Coping with aging as a person moves through its various stages requires a holistic approach that deals with the physical effects of aging. Nutrition consultant Liz Ward for HowStuffWorks points out that physical aging takes place across many dimensions, affecting the anatomy, cardiovascular system, digestive system and metabolism of a person. Wise lifestyle choices, particularly regarding diet and exercise, are key to coping with the effects of aging.Know More
According to Ward, aging results in a loss of bone strength and skin elasticity. To cope with skeletal issues, a person should stay active, perform regular weight-bearing exercises and take calcium. Skin issues can be dealt with by taking vitamin D and wearing sunscreen every day. Weight-bearing exercises also help the cardiovascular system to cope with the effects of aging as blood flow diminishes and arteries thicken. Eating a healthy diet that is low in cholesterol helps the cardiovascular system to cope with the changes brought on by age.
Ward points out that diet is also key to coping with the effects of aging on the digestive system. As people age, their bodies produce less stomach acid, making digestion more difficult. Lactose intolerance also increases with age, as does the risk of gallstones, diverticulitis and liver problems. To cope with these changes, older people should remove anything that causes gastric distress from their diets, cut back on alcohol intake and increase other fluids. In addition, metabolic changes due to aging often lead to weight gain and respiratory problems. Diet and exercise are important for coping with these changes as well.Learn more about Older Adults
Those who believe that euthanasia, or assisted suicide, should be legal often argue that a person who is terminally ill has the right to bypass severe pain in favor of a dignified and timely death. They believe that banning euthanasia causes terminally ill patients to suffer needlessly. Many who are against euthanasia cite the disadvantage that legalizing this practice may lead to involuntary euthanasia, given that health care costs are so high and there are a lot of gray areas regarding consent.Full Answer >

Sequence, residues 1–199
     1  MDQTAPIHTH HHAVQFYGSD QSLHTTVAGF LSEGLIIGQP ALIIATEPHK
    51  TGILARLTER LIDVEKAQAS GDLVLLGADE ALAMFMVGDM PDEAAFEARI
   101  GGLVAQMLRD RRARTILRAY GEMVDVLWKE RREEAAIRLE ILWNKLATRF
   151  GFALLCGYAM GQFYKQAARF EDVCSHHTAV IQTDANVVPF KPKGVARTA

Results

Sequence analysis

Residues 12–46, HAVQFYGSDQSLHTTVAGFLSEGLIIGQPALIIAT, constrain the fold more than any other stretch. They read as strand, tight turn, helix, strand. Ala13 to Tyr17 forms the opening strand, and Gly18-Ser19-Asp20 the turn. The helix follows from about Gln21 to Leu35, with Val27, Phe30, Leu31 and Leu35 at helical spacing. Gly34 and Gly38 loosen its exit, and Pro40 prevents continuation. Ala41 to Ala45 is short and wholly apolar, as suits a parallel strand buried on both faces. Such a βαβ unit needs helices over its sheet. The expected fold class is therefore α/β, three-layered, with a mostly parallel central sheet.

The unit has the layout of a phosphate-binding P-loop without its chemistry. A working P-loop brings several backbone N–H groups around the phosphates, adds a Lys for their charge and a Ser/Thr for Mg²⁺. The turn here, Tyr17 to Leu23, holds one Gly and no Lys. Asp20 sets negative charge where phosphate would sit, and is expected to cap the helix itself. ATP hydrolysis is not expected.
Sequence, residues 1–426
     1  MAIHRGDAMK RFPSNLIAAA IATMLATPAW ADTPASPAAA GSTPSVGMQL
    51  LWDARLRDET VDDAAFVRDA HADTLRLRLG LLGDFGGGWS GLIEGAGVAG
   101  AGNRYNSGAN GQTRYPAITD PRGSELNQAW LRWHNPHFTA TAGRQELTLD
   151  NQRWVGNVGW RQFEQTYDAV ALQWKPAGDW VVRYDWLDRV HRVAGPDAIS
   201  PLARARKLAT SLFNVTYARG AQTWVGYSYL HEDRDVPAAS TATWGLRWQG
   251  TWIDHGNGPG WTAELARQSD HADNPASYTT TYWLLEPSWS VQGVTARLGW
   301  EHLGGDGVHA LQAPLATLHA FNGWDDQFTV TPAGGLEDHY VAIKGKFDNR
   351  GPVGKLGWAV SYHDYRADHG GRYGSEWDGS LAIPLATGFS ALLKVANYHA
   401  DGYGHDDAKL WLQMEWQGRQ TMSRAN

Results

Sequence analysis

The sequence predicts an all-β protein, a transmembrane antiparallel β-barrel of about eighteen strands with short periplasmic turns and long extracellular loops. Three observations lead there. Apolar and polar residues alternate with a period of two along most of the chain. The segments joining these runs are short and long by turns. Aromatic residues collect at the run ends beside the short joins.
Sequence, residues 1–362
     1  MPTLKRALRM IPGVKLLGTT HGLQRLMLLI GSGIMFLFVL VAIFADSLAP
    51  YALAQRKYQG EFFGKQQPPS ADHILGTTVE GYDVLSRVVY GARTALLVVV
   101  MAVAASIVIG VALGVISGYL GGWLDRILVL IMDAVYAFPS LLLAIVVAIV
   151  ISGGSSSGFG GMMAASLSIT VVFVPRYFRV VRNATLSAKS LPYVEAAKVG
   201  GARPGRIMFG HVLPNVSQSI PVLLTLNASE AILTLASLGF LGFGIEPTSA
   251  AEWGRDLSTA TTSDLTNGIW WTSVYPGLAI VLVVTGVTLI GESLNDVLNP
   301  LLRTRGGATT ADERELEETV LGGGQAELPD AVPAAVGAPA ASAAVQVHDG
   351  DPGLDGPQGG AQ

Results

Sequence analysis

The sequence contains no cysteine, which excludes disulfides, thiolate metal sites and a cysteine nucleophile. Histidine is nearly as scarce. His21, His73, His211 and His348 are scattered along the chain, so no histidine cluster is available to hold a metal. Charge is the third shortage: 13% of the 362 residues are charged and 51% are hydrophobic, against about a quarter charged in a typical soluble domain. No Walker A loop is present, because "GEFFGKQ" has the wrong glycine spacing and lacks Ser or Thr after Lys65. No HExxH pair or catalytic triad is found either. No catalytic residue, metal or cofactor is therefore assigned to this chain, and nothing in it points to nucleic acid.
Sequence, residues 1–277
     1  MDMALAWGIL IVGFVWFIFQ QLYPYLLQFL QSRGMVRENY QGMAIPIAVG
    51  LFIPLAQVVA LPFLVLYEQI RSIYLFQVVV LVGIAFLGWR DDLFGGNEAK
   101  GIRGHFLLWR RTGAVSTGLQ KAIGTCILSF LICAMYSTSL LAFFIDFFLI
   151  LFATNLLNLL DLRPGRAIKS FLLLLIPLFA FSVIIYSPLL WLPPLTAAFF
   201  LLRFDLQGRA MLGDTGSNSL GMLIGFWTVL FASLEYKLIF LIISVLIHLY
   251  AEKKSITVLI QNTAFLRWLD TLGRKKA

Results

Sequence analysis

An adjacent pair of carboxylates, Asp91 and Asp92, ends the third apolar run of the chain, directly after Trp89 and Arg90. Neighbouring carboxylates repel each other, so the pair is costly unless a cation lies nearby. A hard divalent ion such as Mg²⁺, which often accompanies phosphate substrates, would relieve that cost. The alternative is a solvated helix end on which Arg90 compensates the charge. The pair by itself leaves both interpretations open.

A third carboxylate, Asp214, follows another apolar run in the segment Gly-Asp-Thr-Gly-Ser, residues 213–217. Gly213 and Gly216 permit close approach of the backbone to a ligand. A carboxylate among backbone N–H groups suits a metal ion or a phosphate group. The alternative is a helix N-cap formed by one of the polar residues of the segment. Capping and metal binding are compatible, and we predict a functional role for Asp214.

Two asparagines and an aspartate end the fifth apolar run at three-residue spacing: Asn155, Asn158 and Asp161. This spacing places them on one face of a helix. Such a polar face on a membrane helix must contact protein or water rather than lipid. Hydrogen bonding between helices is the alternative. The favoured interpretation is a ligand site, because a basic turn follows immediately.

The first signs of fine lines generally begin to appear during a person's mid to late 20s. By the 40s, the skin begins to lose elasticity and deep lines begin to appear around the mouth and eyes.Full Answer >
The appropriate words are most dependent upon the type of relationship that exists between the person and the patient. Close family members gain comfort from simple expressions of love, but friends or co-workers thrive on supportive words.Full Answer >
Regularly exercising and eating a well-balanced diet are the best things a person can do to help to slow the aging process in the skin and bones, according to Medline Plus. Exercise and a well-balanced diet consisting of at least 1,200 milligrams of calcium will keep the bones strong and keep skin looking young.Full Answer >